With Big Data playing an integral part in nearly every facet of life today, nearly every industry needs more professionals who can extract meaningful information from data and provide scientific insights for decision making. In response to this need, USciences has launched a new bachelor of science degree in data science that provides students with an in-depth understanding of the science behind data.
“This program is uniquely designed to give students with the knowledge, skills, and technical foundation necessary to unlock the value of data and tackle complex, multidisciplinary problems,” said Provost Peter Miller, PhD. “Our case-based focus and practical approach provides a truly novel interdisciplinary data science education that leverages real-world data and integrates the statistical, computational, and mathematical core skills relevant in the modern world.”
During his tenure, the program saw gender parity for the first time. Last year, 50 percent of incoming graduates to the School of Computer Science were women.
He also oversaw the creation of the new CMU AI Initiative last summer. The program is essentially a bid to unite the university’s various disciplines of artificial intelligence research under one umbrella. The goal is to draw more startups, investors and funding to the university and region.
Apoorv Saxena, a Google executive in charge of cloud-based AI products, joins the bank later this week as head of artificial intelligence and machine learning services. The role also places him in charge of asset and wealth management artificial intelligence technology, according to an internal memo seen by CNNMoney.
Honeywell (NYSE: HON) today announced a strategic collaboration with Carnegie Mellon University to advance artificial intelligence and robotic technologies to help distribution centers address rising demands fueled by rapid growth in e-commerce.
The initiative brings together Honeywell Intelligrated, a division of Honeywell Safety and Productivity Solutions, and Carnegie Mellon’s National Robotics Engineering Center. The two organizations are advancing the capability of artificial intelligence and robotics technologies to benefit distribution centers, which are becoming more integrated and complex, and looking to robotics solutions to improve productivity and performance in fulfilling orders.
“It is becoming increasingly difficult to staff supply chain operations fast enough to satisfy the growth in e-commerce. Developing advanced machine learning capabilities and applying it to critical distribution center applications is a key enabler for our customers,” said Pieter Krynauw, president of Honeywell Intelligrated. “Our industry expertise coupled with the research capability of Carnegie Mellon accelerates our ability to bring advanced technology to market at scale and deliver much-needed capacity and productivity gains for distribution centers through digital transformation.”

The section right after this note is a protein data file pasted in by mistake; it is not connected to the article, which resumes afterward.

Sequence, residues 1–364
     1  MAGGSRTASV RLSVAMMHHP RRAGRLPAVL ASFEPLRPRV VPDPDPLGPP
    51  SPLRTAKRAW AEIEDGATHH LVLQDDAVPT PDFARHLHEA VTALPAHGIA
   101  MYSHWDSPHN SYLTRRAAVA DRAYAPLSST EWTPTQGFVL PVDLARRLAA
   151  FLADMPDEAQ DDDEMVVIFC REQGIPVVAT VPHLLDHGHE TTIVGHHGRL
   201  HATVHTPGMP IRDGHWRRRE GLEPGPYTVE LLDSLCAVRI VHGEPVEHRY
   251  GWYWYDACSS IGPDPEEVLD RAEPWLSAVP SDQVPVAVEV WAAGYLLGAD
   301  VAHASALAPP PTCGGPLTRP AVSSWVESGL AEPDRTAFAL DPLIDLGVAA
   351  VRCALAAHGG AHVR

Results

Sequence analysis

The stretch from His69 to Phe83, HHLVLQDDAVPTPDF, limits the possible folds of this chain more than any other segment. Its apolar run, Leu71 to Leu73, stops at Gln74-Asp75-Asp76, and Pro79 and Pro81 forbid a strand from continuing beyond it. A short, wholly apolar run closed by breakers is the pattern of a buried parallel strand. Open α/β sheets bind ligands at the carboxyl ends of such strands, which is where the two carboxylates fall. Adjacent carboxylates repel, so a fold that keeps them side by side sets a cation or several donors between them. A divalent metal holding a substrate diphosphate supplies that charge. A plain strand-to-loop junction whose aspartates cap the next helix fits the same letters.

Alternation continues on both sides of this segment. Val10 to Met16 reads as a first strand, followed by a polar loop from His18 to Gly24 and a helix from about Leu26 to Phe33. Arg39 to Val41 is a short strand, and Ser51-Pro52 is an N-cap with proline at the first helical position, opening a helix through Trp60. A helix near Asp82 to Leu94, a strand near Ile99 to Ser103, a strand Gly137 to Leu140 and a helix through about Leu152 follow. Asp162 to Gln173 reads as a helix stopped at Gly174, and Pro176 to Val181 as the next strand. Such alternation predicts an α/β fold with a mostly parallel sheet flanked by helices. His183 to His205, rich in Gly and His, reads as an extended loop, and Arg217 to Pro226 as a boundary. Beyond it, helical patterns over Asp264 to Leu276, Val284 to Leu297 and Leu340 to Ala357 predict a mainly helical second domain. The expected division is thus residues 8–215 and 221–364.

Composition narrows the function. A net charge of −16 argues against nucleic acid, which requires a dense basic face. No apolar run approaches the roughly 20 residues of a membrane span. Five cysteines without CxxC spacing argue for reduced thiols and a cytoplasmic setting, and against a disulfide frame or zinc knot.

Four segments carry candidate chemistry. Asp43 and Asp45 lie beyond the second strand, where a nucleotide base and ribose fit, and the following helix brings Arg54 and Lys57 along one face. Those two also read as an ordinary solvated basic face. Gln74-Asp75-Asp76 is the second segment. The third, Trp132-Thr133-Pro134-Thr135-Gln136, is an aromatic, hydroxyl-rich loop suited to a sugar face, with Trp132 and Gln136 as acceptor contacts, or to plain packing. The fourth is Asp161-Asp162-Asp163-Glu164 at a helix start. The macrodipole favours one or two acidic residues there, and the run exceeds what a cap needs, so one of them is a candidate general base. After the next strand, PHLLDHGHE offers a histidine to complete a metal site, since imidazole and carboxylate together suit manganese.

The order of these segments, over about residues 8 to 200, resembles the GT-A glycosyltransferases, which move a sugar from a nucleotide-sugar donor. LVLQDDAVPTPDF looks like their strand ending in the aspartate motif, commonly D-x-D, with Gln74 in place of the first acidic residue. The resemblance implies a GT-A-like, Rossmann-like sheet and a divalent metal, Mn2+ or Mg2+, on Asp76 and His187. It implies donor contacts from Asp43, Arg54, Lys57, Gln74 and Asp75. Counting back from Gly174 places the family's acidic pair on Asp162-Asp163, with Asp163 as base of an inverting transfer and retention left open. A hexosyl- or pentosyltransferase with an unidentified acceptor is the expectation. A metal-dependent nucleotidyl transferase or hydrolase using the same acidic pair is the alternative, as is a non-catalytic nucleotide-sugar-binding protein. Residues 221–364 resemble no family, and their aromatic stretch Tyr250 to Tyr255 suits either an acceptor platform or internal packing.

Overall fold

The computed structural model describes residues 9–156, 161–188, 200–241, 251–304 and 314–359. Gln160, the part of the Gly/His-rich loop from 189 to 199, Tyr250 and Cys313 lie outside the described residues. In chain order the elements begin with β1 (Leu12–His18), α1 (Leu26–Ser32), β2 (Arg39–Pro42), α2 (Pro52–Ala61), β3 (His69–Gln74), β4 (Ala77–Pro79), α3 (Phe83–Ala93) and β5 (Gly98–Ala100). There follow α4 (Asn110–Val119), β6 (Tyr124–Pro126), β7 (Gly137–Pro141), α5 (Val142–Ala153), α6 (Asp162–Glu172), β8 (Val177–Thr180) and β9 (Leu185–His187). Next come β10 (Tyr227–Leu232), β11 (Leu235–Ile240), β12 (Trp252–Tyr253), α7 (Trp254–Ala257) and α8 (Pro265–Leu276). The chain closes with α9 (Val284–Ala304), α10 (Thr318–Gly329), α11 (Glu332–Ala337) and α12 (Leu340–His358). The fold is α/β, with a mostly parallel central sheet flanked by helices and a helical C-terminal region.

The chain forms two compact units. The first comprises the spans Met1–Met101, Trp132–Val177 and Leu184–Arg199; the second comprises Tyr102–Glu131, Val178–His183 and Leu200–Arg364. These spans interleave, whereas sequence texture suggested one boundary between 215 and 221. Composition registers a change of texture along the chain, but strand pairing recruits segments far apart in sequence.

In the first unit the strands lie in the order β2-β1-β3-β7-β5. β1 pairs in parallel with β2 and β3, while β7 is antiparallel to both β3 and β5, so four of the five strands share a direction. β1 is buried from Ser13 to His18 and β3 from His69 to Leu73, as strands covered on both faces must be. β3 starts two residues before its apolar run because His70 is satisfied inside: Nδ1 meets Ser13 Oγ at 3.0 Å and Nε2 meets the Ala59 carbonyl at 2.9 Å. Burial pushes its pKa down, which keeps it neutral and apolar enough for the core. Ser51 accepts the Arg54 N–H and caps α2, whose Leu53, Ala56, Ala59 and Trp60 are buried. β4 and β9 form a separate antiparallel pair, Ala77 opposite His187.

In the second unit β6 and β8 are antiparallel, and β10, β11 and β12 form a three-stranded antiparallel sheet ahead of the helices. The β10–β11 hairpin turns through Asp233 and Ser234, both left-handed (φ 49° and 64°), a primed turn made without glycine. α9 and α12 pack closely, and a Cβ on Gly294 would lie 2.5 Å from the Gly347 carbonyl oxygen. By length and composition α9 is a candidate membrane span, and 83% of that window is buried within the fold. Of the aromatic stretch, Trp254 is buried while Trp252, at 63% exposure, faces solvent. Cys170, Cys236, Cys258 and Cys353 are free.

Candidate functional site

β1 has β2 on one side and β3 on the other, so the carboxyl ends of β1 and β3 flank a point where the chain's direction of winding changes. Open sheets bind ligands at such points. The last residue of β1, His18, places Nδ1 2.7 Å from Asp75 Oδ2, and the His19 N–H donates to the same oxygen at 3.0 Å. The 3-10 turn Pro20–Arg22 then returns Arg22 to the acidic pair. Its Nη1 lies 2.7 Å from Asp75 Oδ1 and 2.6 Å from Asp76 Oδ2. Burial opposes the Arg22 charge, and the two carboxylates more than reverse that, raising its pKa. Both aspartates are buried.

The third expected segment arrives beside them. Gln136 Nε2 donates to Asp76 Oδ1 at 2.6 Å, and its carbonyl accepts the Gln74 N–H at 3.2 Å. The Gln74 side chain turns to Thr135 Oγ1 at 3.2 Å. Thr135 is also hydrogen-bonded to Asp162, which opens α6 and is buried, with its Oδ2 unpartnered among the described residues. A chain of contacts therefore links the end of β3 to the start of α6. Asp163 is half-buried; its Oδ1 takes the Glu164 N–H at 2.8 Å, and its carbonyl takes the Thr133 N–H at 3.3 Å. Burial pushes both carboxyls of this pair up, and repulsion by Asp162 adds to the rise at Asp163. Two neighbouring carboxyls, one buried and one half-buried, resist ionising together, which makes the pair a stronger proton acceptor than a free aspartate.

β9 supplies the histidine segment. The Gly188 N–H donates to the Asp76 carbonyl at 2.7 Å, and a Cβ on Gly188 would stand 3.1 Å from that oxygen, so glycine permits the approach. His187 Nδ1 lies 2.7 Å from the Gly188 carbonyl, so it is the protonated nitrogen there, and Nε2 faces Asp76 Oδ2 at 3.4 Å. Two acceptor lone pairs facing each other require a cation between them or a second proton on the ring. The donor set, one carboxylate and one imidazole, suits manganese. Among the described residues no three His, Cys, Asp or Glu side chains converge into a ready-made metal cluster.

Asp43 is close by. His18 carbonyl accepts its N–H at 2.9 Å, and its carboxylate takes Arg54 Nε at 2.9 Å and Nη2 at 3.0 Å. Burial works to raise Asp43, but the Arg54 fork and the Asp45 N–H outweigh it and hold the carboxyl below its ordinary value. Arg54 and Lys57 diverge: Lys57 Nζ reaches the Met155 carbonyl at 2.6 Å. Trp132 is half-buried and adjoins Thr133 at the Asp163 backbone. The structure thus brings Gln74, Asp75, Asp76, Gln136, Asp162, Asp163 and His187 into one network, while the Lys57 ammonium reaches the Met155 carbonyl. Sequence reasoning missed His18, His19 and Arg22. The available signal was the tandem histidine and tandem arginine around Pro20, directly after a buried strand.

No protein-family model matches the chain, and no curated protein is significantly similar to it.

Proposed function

Sen. Ron Wyden has sent a letter to the U.S. Department of Justice concerning disruptions to 911 emergency services caused by law enforcement’s use of cell-site simulators (CSS, also known as IMSI catchers or Stingrays).
Back in January, we told you about a young, Austin, Tex.-based startup that fights online disinformation for corporate customers. Turns out we weren’t alone in finding it interesting. The now four-year-old, 40-person outfit, New Knowledge, just sealed up $11 million in new funding led by the cross-border venture firm GGV Capital, with participation from Lux Capital. GGV had also participated in the company’s $1.9 million seed round.
We talked yesterday with co-founder and CEO Jonathon Morgan and the company’s director of research, Renee DiResta, to learn more about its work, which appears to be going well. (They say revenue has grown 1,000 percent over last year.) Our conversation, edited for length, follows.
The National Science Foundation (NSF) is investing $9 million in nine new projects to research biosphere processes and their complex interactions with climate, land use and invasive species at regional to continental scales. The awards are funded through NSF’s MacroSystems Biology and Early NEON (National Ecological Observatory Network) Science program.
“These projects leverage NSF investments in biological infrastructure to study how organisms and ecosystems respond to environmental changes from local to continental scales,” said Joanne Tornow, NSF acting assistant director for biological sciences. “Most of these projects use data from NEON to address long-standing questions that could not be addressed even five years ago, without access to standardized, replicated, publicly available ecological data from ecosystems across North America.”
A year ago, the College Board saw the numbers of female students and underrepresented minority students taking the Advanced Placement exam for computer science more than double — but what about this year?
As Code.org CEO Hadi Partovi puts it, “the momentum continues.”
The statistics don’t quite match last year’s triple-digit percentage increases. But they do show a narrower gap between female students as well as black and Latino students on one side, and male students as well as white and Asian students on the other.